Mining Beacon Barometer: Commodities

More than 5,000 global delegates from across the mining value chain attended Mines and Money events last year. In this series, we analyse the opinions from the floor expressed through interactive polling. Here's what the mining industry had to say about commodity prices and trends in 2019.

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This is the first of five articles on the forecasts, and opinions, from Mining Beacon's 5,000 registered delegates at its eight conferences during 2019 in Hong Kong, New York, Helsinki, Vancouver, Brisbane, Melbourne and two in London.

Mining Beacon regularly polls the views of delegates at its conferences, and because of their level of seniority and expertise (not least from regularly attending expert presentations) these opinions have significant value. 

The polled delegate opinions have been divided into five categories: commodities, countries, companies, technology and mining generally. In this first summary, we look at the poll results on questions related to commodity prices and trends

Precious Polling

Gold is a perennial favourite at mining events, and was the first poll question at Mines and Money Asia in Hong Kong during April 2019. Delegates were asked for their opinion on the gold price for a year later (i.e. April 2020), and all of those polled agreed that it would be over US$1,400/oz (which seems highly likely to be correct).

Gold also scored well in a poll at Mines and Money New York in May 2019 of the "precious metal you are the most bullish about in 2019", registering 43%, with the same percentage going for PGMs and only 14% opting for silver. Just 17% of the delegates were able to predict the end-2019 gold price (of around US$1,500/oz), with fully 50% going for a range of only US$1,320-1,360/oz.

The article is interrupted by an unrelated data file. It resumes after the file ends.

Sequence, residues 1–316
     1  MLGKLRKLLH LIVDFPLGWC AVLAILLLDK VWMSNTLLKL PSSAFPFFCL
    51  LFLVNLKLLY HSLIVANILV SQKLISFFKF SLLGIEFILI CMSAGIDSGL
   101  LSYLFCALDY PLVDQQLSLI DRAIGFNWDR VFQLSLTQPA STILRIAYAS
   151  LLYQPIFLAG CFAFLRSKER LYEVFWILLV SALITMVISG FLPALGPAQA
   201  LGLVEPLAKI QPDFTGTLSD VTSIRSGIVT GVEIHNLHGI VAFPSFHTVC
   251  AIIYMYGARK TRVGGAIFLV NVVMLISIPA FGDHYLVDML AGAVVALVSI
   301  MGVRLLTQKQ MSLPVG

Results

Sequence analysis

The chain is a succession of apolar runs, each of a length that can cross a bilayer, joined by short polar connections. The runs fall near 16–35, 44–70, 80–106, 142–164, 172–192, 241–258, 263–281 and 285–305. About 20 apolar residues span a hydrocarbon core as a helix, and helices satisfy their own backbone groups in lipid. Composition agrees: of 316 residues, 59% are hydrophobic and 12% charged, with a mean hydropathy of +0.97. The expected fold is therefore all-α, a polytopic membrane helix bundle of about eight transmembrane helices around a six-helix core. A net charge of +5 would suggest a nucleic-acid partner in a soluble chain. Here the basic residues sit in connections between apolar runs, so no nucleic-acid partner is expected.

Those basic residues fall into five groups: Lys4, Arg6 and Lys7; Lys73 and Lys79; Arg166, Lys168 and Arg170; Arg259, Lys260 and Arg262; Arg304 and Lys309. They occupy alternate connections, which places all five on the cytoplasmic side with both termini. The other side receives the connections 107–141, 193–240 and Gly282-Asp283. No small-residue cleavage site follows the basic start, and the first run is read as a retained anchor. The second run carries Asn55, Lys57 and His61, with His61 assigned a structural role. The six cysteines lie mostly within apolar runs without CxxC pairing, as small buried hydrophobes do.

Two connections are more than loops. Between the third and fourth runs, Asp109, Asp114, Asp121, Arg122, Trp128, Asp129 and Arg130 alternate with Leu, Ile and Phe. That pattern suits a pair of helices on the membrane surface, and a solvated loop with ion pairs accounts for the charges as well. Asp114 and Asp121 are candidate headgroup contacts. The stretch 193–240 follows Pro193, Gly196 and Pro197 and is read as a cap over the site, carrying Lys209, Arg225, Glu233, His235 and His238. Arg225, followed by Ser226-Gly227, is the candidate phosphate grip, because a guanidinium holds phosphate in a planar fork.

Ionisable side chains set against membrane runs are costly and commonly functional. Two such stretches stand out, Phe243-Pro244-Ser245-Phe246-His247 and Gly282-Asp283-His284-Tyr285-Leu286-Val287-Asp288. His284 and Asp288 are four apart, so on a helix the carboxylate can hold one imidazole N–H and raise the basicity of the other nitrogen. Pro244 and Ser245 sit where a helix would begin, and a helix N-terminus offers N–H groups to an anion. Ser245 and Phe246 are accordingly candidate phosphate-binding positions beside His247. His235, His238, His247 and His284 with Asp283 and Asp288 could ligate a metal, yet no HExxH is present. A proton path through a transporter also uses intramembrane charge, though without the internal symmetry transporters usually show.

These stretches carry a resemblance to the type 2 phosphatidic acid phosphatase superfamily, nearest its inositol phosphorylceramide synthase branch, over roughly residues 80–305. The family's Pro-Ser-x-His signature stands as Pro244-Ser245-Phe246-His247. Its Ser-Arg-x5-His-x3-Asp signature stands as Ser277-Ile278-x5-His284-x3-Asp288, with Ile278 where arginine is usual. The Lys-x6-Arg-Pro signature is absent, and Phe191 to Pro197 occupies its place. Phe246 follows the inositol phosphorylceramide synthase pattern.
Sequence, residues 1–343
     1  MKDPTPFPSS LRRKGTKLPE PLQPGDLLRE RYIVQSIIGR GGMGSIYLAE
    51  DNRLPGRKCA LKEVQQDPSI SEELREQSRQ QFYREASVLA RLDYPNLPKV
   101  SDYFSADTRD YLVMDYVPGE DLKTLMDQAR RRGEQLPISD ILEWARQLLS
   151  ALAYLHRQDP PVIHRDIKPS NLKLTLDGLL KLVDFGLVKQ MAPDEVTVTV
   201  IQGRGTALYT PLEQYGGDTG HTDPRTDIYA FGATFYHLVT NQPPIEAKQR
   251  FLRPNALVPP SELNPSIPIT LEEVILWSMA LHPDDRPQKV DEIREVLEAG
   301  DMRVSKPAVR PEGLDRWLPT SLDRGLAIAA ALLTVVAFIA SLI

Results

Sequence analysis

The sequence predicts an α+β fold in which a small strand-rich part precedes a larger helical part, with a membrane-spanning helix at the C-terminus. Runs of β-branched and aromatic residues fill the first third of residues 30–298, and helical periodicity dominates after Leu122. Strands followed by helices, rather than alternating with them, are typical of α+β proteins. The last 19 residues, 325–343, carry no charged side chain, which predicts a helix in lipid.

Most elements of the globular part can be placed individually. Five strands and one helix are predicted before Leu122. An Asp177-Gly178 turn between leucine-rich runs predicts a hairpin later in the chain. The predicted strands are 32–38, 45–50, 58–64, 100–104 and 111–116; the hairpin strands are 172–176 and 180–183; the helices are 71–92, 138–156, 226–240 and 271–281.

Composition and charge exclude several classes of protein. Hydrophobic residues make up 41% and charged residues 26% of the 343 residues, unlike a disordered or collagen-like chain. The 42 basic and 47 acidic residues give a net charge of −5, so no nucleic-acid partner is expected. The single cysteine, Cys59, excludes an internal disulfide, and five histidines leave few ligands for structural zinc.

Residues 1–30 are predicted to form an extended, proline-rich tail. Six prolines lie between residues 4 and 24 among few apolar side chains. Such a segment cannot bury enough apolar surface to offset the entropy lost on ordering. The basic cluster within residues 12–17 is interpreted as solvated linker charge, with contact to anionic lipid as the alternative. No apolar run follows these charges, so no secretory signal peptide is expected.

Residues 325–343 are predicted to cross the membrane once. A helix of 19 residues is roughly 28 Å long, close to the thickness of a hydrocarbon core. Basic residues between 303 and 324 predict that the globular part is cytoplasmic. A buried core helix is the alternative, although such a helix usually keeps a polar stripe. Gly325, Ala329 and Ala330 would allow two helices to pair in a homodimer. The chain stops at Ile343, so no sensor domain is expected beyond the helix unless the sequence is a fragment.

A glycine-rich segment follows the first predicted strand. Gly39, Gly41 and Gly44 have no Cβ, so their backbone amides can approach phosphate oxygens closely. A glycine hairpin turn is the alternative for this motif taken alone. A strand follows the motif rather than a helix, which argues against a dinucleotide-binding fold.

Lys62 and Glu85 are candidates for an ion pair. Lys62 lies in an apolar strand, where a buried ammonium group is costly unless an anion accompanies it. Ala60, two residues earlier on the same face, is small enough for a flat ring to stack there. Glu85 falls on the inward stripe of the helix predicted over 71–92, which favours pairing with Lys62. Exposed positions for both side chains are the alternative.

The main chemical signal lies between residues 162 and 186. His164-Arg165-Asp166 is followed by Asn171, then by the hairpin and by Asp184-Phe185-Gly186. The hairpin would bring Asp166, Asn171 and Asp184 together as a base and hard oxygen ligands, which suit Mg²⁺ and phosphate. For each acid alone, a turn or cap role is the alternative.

Poll results captured on-site at Mines and Money New York 2019


The International Mining and Resources Conference (IMARC) in Melbourne during October 2019 had 1,500 registered delegates at the conference amongst 7,000 event attendees. Respondees to a poll on the commodity with the 'top projects' over the previous 12 months voted overwhelmingly (59%) for gold, with nickel and copper being significantly behind on around 15% each.

The IMARC delegates voted 2:1 in favour of gold over silver as a precious metal investment, 3:1 for nickel over cobalt as a battery metal investment, and more than 4:1 for copper over zinc as an industrial metal investment.

The Takeaway: Gold soared in the middle three months of 2019, rising from US$1,300/oz at the start of June to over US$1,500/oz at the beginning of September, having been trading at barely US$1,200/oz in October 2018. It is little wonder that delegates almost universally (and correctly) forecast its continued rise into 2020, and the consensus amongst analysts is that the precious metal will not peak until 2021.

Spark for Battery Metals

The market for electric vehicles (EVs) is, of course, crucial to the performance of battery metals, and so was also a regular topic at last year's Mining Beacon events.

Delegates at Mines and Money New York were asked about the percentage of new vehicles would be electric by 2030, with half saying over 30%. Only 38% of Mines and Money London delegates voted for over 30% of new vehicles being electric within ten years, with a further 38% saying it would be 10-30%.